Talatí de Dalt archaeological site, Minorca, Spain

Talatí de Dalt, Minorca, Spain (Photo credit: Wikipedia)

In the central horseshoe-shaped sanctuary stands the taula which resembles a sort of “T” shaped table tomb. This strange looking monument has a fashioned central capital stone and an oval-shaped base that is topped by a large rectangular, overlapping stone very similar to a capstone for a burial chamber. Another carved taula (pilaster) leans against the monument but does not, in any way support the taula –  it almost certainly used to stand up-right but has now fallen sideways. Three more standing stones are located around the monument. The taula acted as a sort of shrine, altar-stone, or tomb-marker for the burial chambers that lie beneath it. Talati de Dalt is almost certainly the prettiest and best of all the archaeological sites on the Island of Minorca.


Cave of Altamira, Santillana Del Mar, Cantabria, Northern Spain

Great hall of policromes of Altamira, publishe...

Great hall of policromes of Altamira, published by M. Sanz de Sautuola in 1880. (Photo credit: Wikipedia)

Latitude 43.382500. Longitude 4.116200. This famous cave can be found in the countryside about 1 mile to the south-west of the Cantabrian village of Santillana del Mar close to the Barrio de Herran road. The nearest town, Torrelavega, is 5 miles to the south-east, while Santander is 19 miles to the west. The cave of Altamira, close to the northern Spanish coast, is famous the world over for its rock-art, prehistoric paintings and drawings, which date back many thousands of years to the Stone-Age.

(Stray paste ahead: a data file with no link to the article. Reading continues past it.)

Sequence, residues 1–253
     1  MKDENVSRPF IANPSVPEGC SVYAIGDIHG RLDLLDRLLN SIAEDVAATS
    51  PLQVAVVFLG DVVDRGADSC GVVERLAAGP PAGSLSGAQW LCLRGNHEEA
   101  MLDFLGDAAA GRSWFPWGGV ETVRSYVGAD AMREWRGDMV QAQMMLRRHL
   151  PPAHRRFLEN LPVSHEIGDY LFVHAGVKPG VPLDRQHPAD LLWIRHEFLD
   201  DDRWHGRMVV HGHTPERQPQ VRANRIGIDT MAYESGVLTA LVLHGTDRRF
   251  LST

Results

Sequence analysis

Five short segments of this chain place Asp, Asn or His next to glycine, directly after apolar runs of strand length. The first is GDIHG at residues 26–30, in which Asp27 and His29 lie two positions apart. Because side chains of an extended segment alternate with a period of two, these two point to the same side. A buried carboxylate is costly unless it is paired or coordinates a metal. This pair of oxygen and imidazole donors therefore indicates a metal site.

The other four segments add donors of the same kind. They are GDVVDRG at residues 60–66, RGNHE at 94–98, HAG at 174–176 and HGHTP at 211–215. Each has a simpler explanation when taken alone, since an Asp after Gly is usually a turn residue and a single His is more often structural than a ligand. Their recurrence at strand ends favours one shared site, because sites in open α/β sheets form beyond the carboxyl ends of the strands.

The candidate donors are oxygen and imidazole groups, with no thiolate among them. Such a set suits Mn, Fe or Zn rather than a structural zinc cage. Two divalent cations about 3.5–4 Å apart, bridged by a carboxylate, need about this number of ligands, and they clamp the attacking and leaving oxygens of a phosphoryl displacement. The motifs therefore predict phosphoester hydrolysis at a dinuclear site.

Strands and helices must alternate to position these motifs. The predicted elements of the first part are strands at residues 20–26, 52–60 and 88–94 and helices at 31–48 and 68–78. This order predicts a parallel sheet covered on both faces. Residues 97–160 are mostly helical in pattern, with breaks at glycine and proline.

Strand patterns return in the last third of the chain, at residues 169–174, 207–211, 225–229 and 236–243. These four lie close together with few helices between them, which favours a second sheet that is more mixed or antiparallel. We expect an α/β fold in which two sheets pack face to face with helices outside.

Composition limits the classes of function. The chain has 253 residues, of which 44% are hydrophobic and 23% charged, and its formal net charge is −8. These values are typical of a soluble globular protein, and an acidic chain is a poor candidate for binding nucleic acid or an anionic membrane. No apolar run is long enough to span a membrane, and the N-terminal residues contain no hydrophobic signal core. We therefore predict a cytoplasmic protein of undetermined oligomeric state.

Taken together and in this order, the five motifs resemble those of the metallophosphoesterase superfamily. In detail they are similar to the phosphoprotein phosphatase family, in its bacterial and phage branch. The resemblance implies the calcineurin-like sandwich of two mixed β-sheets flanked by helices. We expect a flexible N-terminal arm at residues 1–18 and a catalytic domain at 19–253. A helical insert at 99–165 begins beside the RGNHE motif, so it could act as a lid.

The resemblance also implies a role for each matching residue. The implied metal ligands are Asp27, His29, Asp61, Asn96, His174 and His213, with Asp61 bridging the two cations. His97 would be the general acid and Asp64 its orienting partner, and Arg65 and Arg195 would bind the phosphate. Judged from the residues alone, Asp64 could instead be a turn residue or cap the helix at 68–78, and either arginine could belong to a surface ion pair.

At the present time the cave of Altamira is not accessible to visitors but a reproduction site has been built in the museum’s neo-cave section which is located close by, and a pretty good job they have done of it. But to return to the original cave: once through the entrance hall you arrive in a series of odd-shaped chambers and galleries that are 270 metres or 970 feet in total length and, between 2-6 metres in height. One of the chambers is called ‘the lateral’ at 30-60 feet and 8 feet in height, while the main chamber (known as The Sistine Chapel) with the ‘great ceiling’ is 6 metres or 19 feet high, but there are other chambers that are just equally as impresive.

English: Weird Painting of a very big bithon i...

Painting of a very big bison in the cave of Altamira (Photo credit: Wikipedia)

The prehistoric cave paintings and drawings or rock-art are quite astounding in that they date back thousands of years to the Paleolithic Age (The Stone Age) around 18,000-16,000 BC. The prehistoric paintings and drawings were first initiated in the Late Magdalenean period about 12,000 BC and these were added to during the Solutrean period of the Paleolithic Age approx 12,000-5,000 BC. It is believed that the cave was occupied between 14,000-12,000 BC, but at shorter periods too between 18,000-13,000 BC when the cave’s rock paintings first began to appear.

On the ceiling of the great hall are the famous ‘polychrome bisons’ painted in vivid red ochre and outlined with black charcoal. In the other chambers there are many more paintings and, also drawings. More wild bison are to be seen as well as wild boar, bulls, horses and a deer that is 7 foot long, and also some quite remarkable hand paintings that were stenciled and, not forgetting the strange masked faces, that look human in appearence. In two of the chambes there are strange lines carved into the rock and some mysterious sign drawings.

The cave of Altamira was first discovered in 1868 and, later in 1875 archaeologist Marcelino Sanz de Sautuola started to investigate and the paintings were identified and authenticated in 1879 after his daughter, Maria, alerted her father to them. During excavations a number of animal bones and stone axes were found. In 1985 the cave was made a World Heritage Site.